Hypervisors might return 'notfound' when the CCB is in 'inprogress'
state. To ensure a CCB in the 'notfound' state will never be executed,
CCB_KILL must be invoked on that CCB. Upon success, read() must be
called to retrieve the details of the action.
Submission of an array of CCBs for execution
A write() whose length is a multiple of the CCB size is treated as a
submit operation. The file offset is treated as the index of the
completion area to use, and may be set via lseek() or using the
pwrite() system call. If -1 is returned then errno is set to indicate
the error. Otherwise, the return value is the length of the array that
was actually accepted by the coprocessor. If the accepted length is
equal to the requested length, then the submission was completely
successful and there is no further status needed; hence, the user
should not subsequently call read(). Partial acceptance of the CCB
array is indicated by a return value less than the requested length,
and read() must be called to retrieve further status information. The
status will reflect the error caused by the first CCB that was not
accepted, and status_data will provide additional data in some cases.
The mmap() function provides access to the completion area allocated
in the driver. Note that the completion area is not writeable by the
user process, and the mmap call must not specify PROT_WRITE.
Completion of a Request
The first byte in each completion area is the command status which is
updated by the coprocessor hardware. Software may take advantage of
new M7/M8 processor capabilities to efficiently poll this status byte.
First, a "monitored load" is achieved via a Load from Alternate Space
(ldxa, lduba, etc.) with ASI 0x84 (ASI_MONITOR_PRIMARY). Second, a
"monitored wait" is achieved via the mwait instruction (a write to
%asr28). This instruction is like pause in that it suspends execution
of the virtual processor for the given number of nanoseconds, but in
addition will terminate early when one of several events occur. If the
block of data containing the monitored location is modified, then the
mwait terminates. This causes software to resume execution immediately
(without a context switch or kernel to user transition) after a
transaction completes. Thus the latency between transaction completion
and resumption of execution may be just a few nanoseconds.
Application Life Cycle of a DAX Submission
- open dax device
- call mmap() to get the completion area address
- allocate a CCB and fill in the opcode, flags, parameters, addresses, etc.
- submit CCB via write() or pwrite()
- go into a loop executing monitored load + monitored wait and
terminate when the command status indicates the request is complete
(CCB_KILL or CCB_INFO may be used any time as necessary)
- perform a CCB_DEQUEUE
- call munmap() for completion area
- close the dax device
Memory Constraints
The DAX hardware operates only on physical addresses. Therefore, it is
not aware of virtual memory mappings and the discontiguities that may
exist in the physical memory that a virtual buffer maps to. There is
no I/O TLB or any scatter/gather mechanism. All buffers, whether input
or output, must reside in a physically contiguous region of memory.
The Hypervisor translates all addresses within a CCB to physical
before handing off the CCB to DAX. The Hypervisor determines the
virtual page size for each virtual address given, and uses this to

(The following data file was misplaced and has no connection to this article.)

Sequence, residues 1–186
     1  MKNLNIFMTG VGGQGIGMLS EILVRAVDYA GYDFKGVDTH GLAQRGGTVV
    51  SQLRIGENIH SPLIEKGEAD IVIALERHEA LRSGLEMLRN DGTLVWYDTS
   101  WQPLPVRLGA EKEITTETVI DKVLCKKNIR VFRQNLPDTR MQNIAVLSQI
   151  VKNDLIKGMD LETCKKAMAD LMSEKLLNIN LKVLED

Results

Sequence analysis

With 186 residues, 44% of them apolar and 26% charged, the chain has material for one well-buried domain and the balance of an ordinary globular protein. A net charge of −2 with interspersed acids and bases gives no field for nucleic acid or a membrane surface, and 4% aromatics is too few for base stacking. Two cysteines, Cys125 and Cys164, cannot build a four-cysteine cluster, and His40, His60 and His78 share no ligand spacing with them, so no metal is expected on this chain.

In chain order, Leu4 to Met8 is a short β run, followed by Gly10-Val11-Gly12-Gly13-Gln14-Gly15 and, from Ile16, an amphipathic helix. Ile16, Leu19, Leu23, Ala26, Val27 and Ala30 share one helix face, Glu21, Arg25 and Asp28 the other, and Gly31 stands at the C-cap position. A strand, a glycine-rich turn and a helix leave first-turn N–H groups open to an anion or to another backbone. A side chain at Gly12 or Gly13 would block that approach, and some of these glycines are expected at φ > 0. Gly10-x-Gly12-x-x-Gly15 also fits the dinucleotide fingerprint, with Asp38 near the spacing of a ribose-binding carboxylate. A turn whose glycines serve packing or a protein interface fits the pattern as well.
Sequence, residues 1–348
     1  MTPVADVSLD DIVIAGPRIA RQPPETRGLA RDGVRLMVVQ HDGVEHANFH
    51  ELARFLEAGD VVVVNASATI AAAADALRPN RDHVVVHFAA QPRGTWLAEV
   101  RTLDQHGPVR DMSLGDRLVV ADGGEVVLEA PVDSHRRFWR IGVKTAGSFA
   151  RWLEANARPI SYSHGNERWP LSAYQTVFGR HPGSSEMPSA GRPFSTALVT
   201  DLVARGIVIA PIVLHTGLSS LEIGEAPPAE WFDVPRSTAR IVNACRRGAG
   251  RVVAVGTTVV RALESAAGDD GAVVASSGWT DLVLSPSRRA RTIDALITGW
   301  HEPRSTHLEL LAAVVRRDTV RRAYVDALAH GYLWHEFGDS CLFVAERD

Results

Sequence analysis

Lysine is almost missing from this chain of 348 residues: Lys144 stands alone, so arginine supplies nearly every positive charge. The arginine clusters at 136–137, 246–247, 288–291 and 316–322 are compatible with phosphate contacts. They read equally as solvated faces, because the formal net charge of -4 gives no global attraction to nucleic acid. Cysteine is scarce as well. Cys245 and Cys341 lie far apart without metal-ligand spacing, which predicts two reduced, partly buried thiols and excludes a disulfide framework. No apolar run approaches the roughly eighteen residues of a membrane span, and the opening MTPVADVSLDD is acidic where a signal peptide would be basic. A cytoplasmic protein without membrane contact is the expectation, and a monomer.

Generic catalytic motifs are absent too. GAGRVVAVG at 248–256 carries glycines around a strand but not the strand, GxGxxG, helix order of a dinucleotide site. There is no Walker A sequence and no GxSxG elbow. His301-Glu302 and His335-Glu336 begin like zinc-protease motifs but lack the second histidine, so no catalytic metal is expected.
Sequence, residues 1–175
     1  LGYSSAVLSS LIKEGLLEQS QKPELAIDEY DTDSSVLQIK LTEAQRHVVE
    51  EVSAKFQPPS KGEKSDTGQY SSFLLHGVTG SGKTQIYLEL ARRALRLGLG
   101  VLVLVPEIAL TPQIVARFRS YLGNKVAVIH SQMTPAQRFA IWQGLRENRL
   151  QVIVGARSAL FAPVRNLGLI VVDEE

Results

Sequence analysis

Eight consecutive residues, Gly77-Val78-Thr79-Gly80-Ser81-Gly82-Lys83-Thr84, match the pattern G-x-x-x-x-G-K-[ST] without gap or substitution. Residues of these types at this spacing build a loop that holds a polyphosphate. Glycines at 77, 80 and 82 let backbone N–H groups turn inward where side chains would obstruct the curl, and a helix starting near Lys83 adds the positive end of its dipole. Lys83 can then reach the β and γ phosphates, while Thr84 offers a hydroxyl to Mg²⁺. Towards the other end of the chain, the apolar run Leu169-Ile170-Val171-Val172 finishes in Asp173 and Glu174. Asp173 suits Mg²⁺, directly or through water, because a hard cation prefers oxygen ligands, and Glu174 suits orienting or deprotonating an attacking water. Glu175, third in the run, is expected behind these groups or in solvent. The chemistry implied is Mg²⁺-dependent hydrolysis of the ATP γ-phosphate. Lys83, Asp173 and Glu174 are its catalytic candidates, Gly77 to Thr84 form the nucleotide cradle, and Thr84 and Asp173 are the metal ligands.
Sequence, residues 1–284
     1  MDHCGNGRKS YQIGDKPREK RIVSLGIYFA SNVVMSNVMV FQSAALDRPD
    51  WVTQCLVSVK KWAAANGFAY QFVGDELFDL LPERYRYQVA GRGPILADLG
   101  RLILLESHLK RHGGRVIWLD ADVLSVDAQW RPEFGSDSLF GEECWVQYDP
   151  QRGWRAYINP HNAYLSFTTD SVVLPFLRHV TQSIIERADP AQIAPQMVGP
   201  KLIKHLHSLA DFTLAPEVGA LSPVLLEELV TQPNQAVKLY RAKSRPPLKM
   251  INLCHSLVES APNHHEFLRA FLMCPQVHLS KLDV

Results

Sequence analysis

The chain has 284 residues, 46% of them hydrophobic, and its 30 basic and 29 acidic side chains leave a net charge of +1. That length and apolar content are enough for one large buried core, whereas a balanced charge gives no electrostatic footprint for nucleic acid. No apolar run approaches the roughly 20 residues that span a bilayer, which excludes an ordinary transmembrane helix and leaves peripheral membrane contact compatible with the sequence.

program a size limit for each address. This prevents the coprocessor
from reading or writing beyond the bound of the virtual page, even
though it is accessing physical memory directly. A simpler way of
saying this is that a DAX operation will never "cross" a virtual page
boundary. If an 8k virtual page is used, then the data is strictly
limited to 8k. If a user's buffer is larger than 8k, then a larger
page size must be used, or the transaction size will be truncated to
Huge pages. A user may allocate huge pages using standard interfaces.
Memory buffers residing on huge pages may be used to achieve much
larger DAX transaction sizes, but the rules must still be followed,
and no transaction will cross a page boundary, even a huge page. A
major caveat is that Linux on Sparc presents 8Mb as one of the huge
page sizes. Sparc does not actually provide a 8Mb hardware page size,
and this size is synthesized by pasting together two 4Mb pages. The
reasons for this are historical, and it creates an issue because only
half of this 8Mb page can actually be used for any given buffer in a
DAX request, and it must be either the first half or the second half;
it cannot be a 4Mb chunk in the middle, since that crosses a
(hardware) page boundary. Note that this entire issue may be hidden by
higher level libraries.
CCB Structure
A CCB is an array of 8 64-bit words. Several of these words provide
command opcodes, parameters, flags, etc., and the rest are addresses
for the completion area, output buffer, and various inputs:
struct ccb {
u64 control;
u64 completion;
u64 input0;
u64 access;
u64 input1;
u64 op_data;
u64 output;
u64 table;
See libdax/common/sys/dax1/dax1_ccb.h for a detailed description of
each of these fields, and see dax-hv-api.txt for a complete description
of the Hypervisor API available to the guest OS (ie, Linux kernel).
The first word (control) is examined by the driver for the following:
- CCB version, which must be consistent with hardware version
- Opcode, which must be one of the documented allowable commands
- Address types, which must be set to "virtual" for all the addresses
given by the user, thereby ensuring that the application can
only access memory that it owns
Example Code
The DAX is accessible to both user and kernel code. The kernel code
can make hypercalls directly while the user code must use wrappers